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The Inside Track

War Emblem Still Has Plenty to Prove


NEW YORK — Bob Baffert has already proclaimed War Emblem a "superhorse," and stopped just short of guaranteeing that his colt will become the first Triple Crown champion in nearly a quarter-century.

The trainer made his remarks the morning after War Emblem added the Preakness Stakes to his Kentucky Derby victory.

Should he conquer the one mile in the Belmont Stakes on June 8, War Emblem would give racing its 12th Triple Crown winner and first since Affirmed in 1978.

But even if War Emblem completes his remarkable rise to stardom, does the speedy black colt deserve to be in the same company as such Triple Crown greats as Citation (1948), Secretariat (1973) and Seattle Slew (1977)?

"To this point, you'd have to consider him a substandard Triple Crown winner compared to Affirmed, Seattle Slew, Citation," said Steve Cauthen, "The Kid" who rode Affirmed. "But if he goes on and continues to prove himself to be a true champion, he'll be remembered with them."

Penny Chenery, who owned Secretariat, said War Emblem certainly has a chance to earn his place among racing's greats.

"He's either the best horse in 25 years--or the luckiest," said Chenery. "But I don't think the end of the Triple Crown is definitive. He'll have to go on and beat horses that weren't ready in the spring. And then he'd have to prove he can keep going."

The last four Triple Crown winners--Citation, Secretariat, Seattle Slew and Affirmed--were all considered exceptional racehorses from the start, as were Whirlaway (1941), Count Fleet (1943) and War Admiral (1937). Indeed, Secretariat was Horse of the Year at age 2.

By contrast, Sir Barton did not win a race before the 1919 Kentucky Derby, and Gallant Fox (1930) and his son Omaha (1935) showed only flashes of promise as 2-year-olds.

But after sweeping the Triple Crown, they all continued winning and proving themselves worthy champions.

Angel Cordero Jr., a Hall of Fame jockey who has won the Kentucky Derby three times, said War Emblem still has some running to do before he's recognized as "exceptional."

"Winning the Triple Crown is a very big step, but he'll have to do more," Cordero said. "Just beating 3-year-olds doesn't mean great. He's got to beat older horses, too."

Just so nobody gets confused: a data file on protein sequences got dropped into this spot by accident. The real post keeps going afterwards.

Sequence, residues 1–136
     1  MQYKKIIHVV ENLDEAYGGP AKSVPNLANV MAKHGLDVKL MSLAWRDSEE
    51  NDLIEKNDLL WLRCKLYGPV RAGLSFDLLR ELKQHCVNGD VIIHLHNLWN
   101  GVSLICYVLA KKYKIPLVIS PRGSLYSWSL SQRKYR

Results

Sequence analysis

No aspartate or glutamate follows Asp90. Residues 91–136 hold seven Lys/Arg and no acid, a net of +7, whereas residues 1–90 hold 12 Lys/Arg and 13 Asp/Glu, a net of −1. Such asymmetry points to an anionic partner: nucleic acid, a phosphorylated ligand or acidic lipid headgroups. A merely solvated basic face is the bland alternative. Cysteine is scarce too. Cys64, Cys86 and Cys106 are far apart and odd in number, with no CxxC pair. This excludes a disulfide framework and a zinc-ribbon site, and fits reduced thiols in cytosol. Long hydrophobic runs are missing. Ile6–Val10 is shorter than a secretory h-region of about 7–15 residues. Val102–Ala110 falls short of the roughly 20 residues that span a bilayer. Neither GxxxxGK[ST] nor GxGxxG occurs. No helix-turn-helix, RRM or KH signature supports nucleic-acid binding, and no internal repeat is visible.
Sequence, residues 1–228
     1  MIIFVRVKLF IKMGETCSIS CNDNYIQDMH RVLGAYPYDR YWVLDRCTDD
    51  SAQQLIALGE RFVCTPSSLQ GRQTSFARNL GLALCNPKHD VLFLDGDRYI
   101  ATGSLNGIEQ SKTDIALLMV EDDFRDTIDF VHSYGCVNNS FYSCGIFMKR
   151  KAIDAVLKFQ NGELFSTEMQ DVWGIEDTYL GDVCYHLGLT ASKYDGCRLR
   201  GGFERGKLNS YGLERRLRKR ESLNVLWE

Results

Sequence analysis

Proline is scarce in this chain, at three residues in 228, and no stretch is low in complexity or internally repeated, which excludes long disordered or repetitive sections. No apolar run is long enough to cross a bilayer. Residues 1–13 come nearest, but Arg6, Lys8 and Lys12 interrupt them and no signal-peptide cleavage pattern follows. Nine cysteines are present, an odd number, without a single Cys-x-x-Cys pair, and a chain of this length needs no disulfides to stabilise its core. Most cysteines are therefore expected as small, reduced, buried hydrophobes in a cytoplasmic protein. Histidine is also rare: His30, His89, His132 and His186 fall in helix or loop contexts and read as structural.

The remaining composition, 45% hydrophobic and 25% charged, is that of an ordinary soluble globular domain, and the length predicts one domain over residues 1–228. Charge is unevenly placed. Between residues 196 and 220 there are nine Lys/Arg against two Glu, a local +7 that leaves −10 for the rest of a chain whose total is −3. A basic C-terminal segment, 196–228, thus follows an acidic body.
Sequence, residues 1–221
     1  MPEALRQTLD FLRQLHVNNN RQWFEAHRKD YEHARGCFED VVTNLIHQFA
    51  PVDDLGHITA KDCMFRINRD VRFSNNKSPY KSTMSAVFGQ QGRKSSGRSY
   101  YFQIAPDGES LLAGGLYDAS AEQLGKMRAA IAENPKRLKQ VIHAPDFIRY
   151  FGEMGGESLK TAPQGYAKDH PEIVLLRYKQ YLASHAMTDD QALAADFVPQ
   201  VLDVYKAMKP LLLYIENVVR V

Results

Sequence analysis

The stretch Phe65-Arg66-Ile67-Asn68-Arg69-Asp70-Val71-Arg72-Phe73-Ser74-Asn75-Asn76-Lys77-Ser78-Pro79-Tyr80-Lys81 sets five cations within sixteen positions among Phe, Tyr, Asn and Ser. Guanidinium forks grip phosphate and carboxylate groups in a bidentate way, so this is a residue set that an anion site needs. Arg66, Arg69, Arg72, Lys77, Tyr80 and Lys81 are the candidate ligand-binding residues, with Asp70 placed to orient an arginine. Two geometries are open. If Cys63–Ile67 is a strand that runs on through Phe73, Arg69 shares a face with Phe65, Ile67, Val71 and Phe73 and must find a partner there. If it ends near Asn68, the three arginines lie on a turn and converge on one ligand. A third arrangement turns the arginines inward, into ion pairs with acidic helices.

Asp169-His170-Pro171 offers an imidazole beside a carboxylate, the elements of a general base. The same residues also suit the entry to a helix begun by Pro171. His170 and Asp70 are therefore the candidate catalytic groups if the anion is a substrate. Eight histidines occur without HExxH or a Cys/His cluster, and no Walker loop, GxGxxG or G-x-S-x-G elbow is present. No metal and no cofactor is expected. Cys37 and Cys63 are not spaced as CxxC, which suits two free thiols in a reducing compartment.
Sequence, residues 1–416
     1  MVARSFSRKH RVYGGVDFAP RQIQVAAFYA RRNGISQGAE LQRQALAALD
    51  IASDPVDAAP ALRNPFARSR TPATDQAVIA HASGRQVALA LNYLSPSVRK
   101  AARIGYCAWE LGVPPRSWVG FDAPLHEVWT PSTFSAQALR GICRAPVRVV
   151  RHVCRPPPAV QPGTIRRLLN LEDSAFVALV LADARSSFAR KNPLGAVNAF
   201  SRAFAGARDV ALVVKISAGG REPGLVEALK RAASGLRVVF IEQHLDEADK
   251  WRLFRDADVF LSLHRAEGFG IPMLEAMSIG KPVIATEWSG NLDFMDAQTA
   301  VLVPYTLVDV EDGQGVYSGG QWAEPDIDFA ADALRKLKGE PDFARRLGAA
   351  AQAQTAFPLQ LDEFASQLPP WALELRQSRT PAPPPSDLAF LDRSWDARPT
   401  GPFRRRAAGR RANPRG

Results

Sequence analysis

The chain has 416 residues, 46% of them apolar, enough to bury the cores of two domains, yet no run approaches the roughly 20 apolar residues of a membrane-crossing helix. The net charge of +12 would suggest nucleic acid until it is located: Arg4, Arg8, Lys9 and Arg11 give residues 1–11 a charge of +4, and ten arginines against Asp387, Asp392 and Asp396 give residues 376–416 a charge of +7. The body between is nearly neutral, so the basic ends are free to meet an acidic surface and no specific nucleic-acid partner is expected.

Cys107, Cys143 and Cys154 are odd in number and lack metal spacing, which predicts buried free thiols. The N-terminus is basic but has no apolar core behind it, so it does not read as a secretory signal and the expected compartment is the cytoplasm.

While War Emblem has rolled to four straight victories, his past could play a part in determining his legacy. He won but two modest races as a 2-year-old, and finished a distant sixth to Repent in his first stakes race, the Risen Star, a Grade 3 race at the Fair Grounds.

Even after he won the Illinois Derby on April 6, his 84-year-old owner Russell Reineman thought he had no shot in the Kentucky Derby, and was happy to sell 90 percent of him to Saudi Prince Ahmed bin Salman for $900,000 three weeks before the Derby.

None of this should be held against War Emblem, but it might.

"There's been a lot of criticism but it's not the horse's fault," Chenery said.

Added trainer Shug McGaughey, whose Easy Goer spoiled Sunday Silence's Triple Crown bid in 1989: "Because of the way it came about, I just don't know if it would mean as much in the annals of racing as it would normally. It certainly would be a great accomplishment, though."

Completing the Derby-Preakness-Belmont grind--five weeks, three race tracks, three distances--is an enormous achievement in itself.

"I have a lot of respect for those Triple Crown winners," Baffert said. "They were really tough, good horses. It can be done, but it's got to be done by a tough, fast horse."

And that's exactly what Baffert has. War Emblem went wire to wire in winning the Derby by four lengths over Proud Citizen, then took the Preakness by three-quarters of a length over 45-1 shot Magic Weisner.

After the Preakness, some trainers said the opposition may be subpar.

"This year's crop isn't really super," said Nancy Alberts, the owner-breeder-trainer of Magic Weisner. "That's why my mediocre horse looked so good."

So good, in fact, Magic Weisner will try again in the Belmont. So will Proud Citizen and as many as 13 others in what could be the largest Belmont field with a Triple Crown on the line.

Trainer John Ward won't be sending Booklet to New York. Ward, who trained 2001 Derby winner Monarchos, said last year he believed the next Triple Crown winner would come from a mediocre group of 3-year-olds.

"I hate to say it, but my prophecy of last year may come true," Ward said after Booklet ran 12th in the Preakness.

Baffert will arrive in New York for his third Triple try in six years. He says it's his strongest.

"There's nobody faster than him. He just goes," said Baffert. "As long as he stays like he is, it shouldn't be a problem."

Baffert nearly won with Silver Charm in 1997 and Real Quiet in 1998. Both won the Derby and Preakness, but Silver Charm was beaten three-quarters of a length by Touch Gold and Real Quiet lost by a nose to Victory Gallop in their Belmonts.

This will be the eighth time since 1978 that a Triple Crown is on the line in the Belmont, and Chenery feels a breakthrough is imminent.

"This is going to be the moment," she said.

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